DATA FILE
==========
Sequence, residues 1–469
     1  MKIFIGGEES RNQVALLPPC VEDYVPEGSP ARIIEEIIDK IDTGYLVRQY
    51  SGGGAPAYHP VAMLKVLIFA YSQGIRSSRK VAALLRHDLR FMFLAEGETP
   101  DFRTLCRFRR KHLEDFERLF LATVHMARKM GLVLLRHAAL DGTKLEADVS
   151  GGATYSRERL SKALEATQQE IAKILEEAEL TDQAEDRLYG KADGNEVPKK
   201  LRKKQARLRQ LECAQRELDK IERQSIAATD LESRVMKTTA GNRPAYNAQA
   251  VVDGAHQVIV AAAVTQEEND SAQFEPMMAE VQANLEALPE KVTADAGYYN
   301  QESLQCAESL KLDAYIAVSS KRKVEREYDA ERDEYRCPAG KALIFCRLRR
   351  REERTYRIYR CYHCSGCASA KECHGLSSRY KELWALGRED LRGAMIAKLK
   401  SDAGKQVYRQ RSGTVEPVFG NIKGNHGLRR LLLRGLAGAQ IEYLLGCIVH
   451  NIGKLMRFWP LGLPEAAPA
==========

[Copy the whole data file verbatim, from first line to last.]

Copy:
Sequence, residues 1–469
     1  MKIFIGGEES RNQVALLPPC VEDYVPEGSP ARIIEEIIDK IDTGYLVRQY
    51  SGGGAPAYHP VAMLKVLIFA YSQGIRSSRK VAALLRHDLR FMFLAEGETP
   101  DFRTLCRFRR KHLEDFERLF LATVHMARKM GLVLLRHAAL DGTKLEADVS
   151  GGATYSRERL SKALEATQQE IAKILEEAEL TDQAEDRLYG KADGNEVPKK
   201  LRKKQARLRQ LECAQRELDK IERQSIAATD LESRVMKTTA GNRPAYNAQA
   251  VVDGAHQVIV AAAVTQEEND SAQFEPMMAE VQANLEALPE KVTADAGYYN
   301  QESLQCAESL KLDAYIAVSS KRKVEREYDA ERDEYRCPAG KALIFCRLRR
   351  REERTYRIYR CYHCSGCASA KECHGLSSRY KELWALGRED LRGAMIAKLK
   401  SDAGKQVYRQ RSGTVEPVFG NIKGNHGLRR LLLRGLAGAQ IEYLLGCIVH
   451  NIGKLMRFWP LGLPEAAPA